Alaskan Husky vs Siberian Husky – which breed is best for you? Both dogs are energetic, intelligent, hard working breeds that excel with a job to do.
Siberian Huskies may be more suitable to a family home, as Alaskans are more often bred to work.
The main differences between these breeds lies in their origins, lineage, and status with breed registries. Their appearance, temperament, and trainability are quite similar.
Are you ready to find out more about which breed will suit you?
Alaskan Husky vs Siberian Husky
In truth, neither breed is better than the other. But, one could be better for your lifestyle and home situation.
It’s important to match the right dog to your home – even if you’ve already narrowed it down to a type of Husky.
Siberian Huskies are a purebred breed. They are officially recognized by the AKC and other registries.
But, the Alaskan Husky is not yet AKC recognized. They are a mixed breed that often involves the Siberian Husky dog.
The main difference between these two dogs is the purpose for which they are bred.
Siberians, as officially recognized dogs, are often bred for championship status, to meet a very specific breed standard. Alaskans, on the other hand, are bred to excel as working dogs, and less emphasis is put on their appearance.
Alaskan Husky vs Siberian Husky History and Purpose
These two types of Husky have very similar origins. But, differences arise when we look at how their purpose has evolved over the past century or so.
The Siberian Husky was first bred by the Chuchki people in eastern Siberia. As the breed’s name suggests!
They started out as a working dog. Then owners brought them to Alaska in 1908 to compete in dog sled racing as a sport.
Alaskan Huskies, in contrast, originate in Alaska. They are a mixed breed. Their lineage includes purebred dogs such as the Siberian Husky, the Saluki, and various Pointers and Shepherd breeds.
The Siberian Husky was recognized by the AKC in 1930. But the Alaskan is not yet officially recognized.
Today, Alaskans are still bred more for working ability than for any breed purity, which can be seen in their ancestry.
Siberians are more often bred to fit the specifics of the AKC breed standard, or as family pets. Although, a small number may still serve in their original working dog or sporting purpose.
Alaskan Husky vs Siberian Husky Appearance
Appearance is another area where these two breeds can differ. But, since they share quite a significant amount of DNA, both husky types have a typical ‘wolfish’ look.
Both are likely to have an overall athletic physique, with a dense, double layer coat to protect them from cold weather conditions.
Differences in appearance mainly arise in the breeding process.
Siberians are bred to fit a specific breed standard that focuses on fostering certain physical traits. Whereas, Alaskan Huskies are bred for working ability, regardless of a specific appearance.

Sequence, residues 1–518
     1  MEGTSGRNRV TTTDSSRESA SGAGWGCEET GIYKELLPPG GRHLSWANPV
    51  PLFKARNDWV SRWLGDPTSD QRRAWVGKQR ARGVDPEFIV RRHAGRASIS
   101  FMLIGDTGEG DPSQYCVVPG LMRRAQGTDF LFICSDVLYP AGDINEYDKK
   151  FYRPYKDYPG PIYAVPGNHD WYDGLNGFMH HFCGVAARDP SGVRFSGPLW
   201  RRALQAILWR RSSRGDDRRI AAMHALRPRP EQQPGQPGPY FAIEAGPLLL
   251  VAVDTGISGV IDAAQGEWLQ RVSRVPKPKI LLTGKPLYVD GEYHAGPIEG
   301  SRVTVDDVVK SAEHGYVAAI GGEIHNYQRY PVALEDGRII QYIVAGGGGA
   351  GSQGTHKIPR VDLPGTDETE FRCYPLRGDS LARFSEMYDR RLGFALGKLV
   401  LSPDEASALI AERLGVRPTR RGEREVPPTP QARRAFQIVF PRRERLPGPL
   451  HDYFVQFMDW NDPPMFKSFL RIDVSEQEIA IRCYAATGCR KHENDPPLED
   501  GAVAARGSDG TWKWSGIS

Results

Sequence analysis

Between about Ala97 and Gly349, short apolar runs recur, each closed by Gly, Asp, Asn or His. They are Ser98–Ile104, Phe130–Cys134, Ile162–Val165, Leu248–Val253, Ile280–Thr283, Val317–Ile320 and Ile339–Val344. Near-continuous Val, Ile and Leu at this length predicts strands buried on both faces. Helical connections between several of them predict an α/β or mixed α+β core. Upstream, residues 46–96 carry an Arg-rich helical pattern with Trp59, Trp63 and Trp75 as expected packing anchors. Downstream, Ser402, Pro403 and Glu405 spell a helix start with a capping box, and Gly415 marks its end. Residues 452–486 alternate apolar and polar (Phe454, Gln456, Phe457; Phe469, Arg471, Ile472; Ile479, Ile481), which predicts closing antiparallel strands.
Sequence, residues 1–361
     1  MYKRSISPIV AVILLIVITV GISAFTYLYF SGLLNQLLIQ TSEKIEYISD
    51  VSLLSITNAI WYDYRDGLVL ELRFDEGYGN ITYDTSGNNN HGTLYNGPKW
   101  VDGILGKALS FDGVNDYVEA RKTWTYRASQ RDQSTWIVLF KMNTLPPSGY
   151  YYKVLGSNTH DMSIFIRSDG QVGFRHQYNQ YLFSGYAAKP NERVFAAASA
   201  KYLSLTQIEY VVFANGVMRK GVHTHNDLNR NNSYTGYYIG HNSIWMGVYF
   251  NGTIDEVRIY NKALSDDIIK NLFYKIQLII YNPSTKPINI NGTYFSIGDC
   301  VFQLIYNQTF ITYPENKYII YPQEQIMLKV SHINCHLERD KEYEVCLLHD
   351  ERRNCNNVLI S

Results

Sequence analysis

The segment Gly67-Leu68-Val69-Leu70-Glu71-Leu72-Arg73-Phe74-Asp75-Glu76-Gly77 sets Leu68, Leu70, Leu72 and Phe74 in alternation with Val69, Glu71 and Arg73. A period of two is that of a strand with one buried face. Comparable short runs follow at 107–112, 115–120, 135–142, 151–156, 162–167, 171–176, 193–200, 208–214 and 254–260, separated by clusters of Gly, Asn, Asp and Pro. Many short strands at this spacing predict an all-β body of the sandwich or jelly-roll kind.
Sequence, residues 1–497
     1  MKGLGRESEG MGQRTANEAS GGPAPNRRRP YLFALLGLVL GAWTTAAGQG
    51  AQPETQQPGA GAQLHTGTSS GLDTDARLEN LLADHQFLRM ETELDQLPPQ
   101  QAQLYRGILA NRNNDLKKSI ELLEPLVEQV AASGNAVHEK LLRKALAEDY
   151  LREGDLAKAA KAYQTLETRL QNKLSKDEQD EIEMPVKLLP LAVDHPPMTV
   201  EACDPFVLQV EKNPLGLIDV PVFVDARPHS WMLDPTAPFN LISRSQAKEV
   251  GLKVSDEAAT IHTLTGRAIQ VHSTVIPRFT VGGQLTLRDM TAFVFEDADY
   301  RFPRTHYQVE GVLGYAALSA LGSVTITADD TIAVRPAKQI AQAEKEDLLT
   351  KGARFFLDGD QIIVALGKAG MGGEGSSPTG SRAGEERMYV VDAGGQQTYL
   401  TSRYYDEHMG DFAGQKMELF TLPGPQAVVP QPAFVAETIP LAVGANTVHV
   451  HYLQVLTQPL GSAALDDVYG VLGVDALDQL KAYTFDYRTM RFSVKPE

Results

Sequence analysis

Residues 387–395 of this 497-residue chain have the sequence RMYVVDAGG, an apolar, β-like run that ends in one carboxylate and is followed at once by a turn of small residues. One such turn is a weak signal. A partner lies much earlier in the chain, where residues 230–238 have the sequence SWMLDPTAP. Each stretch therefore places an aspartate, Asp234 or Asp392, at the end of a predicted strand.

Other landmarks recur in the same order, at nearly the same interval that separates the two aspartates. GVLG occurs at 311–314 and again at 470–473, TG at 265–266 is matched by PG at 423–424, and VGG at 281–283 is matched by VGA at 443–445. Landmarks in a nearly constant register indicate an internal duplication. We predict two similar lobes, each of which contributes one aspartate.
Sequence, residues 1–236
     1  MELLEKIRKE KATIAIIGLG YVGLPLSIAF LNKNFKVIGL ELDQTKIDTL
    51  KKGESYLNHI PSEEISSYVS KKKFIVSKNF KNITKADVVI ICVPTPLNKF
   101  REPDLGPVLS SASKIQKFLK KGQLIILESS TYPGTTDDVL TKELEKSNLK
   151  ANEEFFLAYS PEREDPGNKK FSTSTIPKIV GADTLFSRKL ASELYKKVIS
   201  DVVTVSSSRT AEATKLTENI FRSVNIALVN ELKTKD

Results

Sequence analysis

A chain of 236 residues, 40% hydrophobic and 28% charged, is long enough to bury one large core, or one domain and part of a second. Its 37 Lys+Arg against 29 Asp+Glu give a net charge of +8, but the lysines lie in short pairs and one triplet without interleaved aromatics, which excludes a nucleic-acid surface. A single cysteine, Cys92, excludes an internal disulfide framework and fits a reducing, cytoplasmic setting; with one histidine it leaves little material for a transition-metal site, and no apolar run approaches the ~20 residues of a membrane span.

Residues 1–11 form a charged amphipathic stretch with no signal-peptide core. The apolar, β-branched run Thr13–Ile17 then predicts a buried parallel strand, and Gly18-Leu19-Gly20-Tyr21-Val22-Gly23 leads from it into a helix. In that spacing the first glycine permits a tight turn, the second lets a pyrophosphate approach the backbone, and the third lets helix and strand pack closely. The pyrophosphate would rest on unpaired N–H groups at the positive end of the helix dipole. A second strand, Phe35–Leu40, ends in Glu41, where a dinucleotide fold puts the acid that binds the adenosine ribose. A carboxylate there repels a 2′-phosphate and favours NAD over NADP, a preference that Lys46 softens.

Siberian Huskies, to fit their breed standard, must grow to be between 20 and 23.5 inches tall at the withers.
They can weigh anywhere from 35 to 60 pounds. Females are often smaller than males.
Alaskan Huskies have quite a bit more variation. Their general weight is often similar to Siberian Huskies, ranging from around 35 to 60 pounds.
However, Alaskans are usually shorter than Siberian Huskies.
Similarly to Siberians, female Alaskan Huskies are usually smaller than males.
Of course, there will be some Siberian Huskies that fall outside the breed standard’s specifications. But, they will be disqualified from show.
Because the Alaskan Husky has no breed standard, their working ability will always be more important than their specific height or weight.
Both the Alaskan and Siberian Husky breed have histories that involve working in low temperatures and extreme weather.
Their coats reflect this original purpose.
The Siberian Husky will have a thick, medium length, double layered coat. It will shed heavily during shedding season.
According to their breed standard, Siberians can be disqualified from show if their coat is too “long, rough, or shaggy”, or if its texture is too harsh.
Alaskan Husky coats can be short to medium in length. It can vary depending on the influence of other breeds in its lineage.
But, despite its exact length, the Alaskan’s coat will be dense and double layered to protect them from the cold.
Alaskans can be bred in any color, with any markings. There are no restrictions on the patterns or shades on their coat.
However, they will usually never be bred for a specific coat color. Working ability is always prioritised over a specific appearance.
According to the breed standard, Siberian Huskies are also allowed in any color, and can have a variety of markings.
Unlike Alaskans, it’s common that some Siberians will be bred for a certain popular coat color or pattern.
A particular popular trait is blue eyes. Blue eyes are possible in both Alaskan and Siberian Huskies, but more common in Siberians, who are often bred to have the trait.
Alaskan Husky vs Siberian Husky Temperament
Like their appearance, the general temperament of Alaskan and Siberian Huskies is quite similar at first glance. But, there are some subtle differences that make one more suitable for family life.
Both breeds are hard-working, energetic, loyal, and independent, thanks to their origins as working dogs.
They are also intelligent and quick to understand new commands. But they are also regarded as being moderately difficult to train.
This is because they have a lot of energy, and doing things we perceive as being naughty is often a rewarding way to channel that energy.
Many novice trainers are caught unawares by how much mental stimulation and engagement Huskies need before they don’t have any energy left for pursuing mischief!
Both breeds are also known to be quite vocal. So, you won’t be able to avoid howling and barking in either – they’ll love talking to you or singing along to music.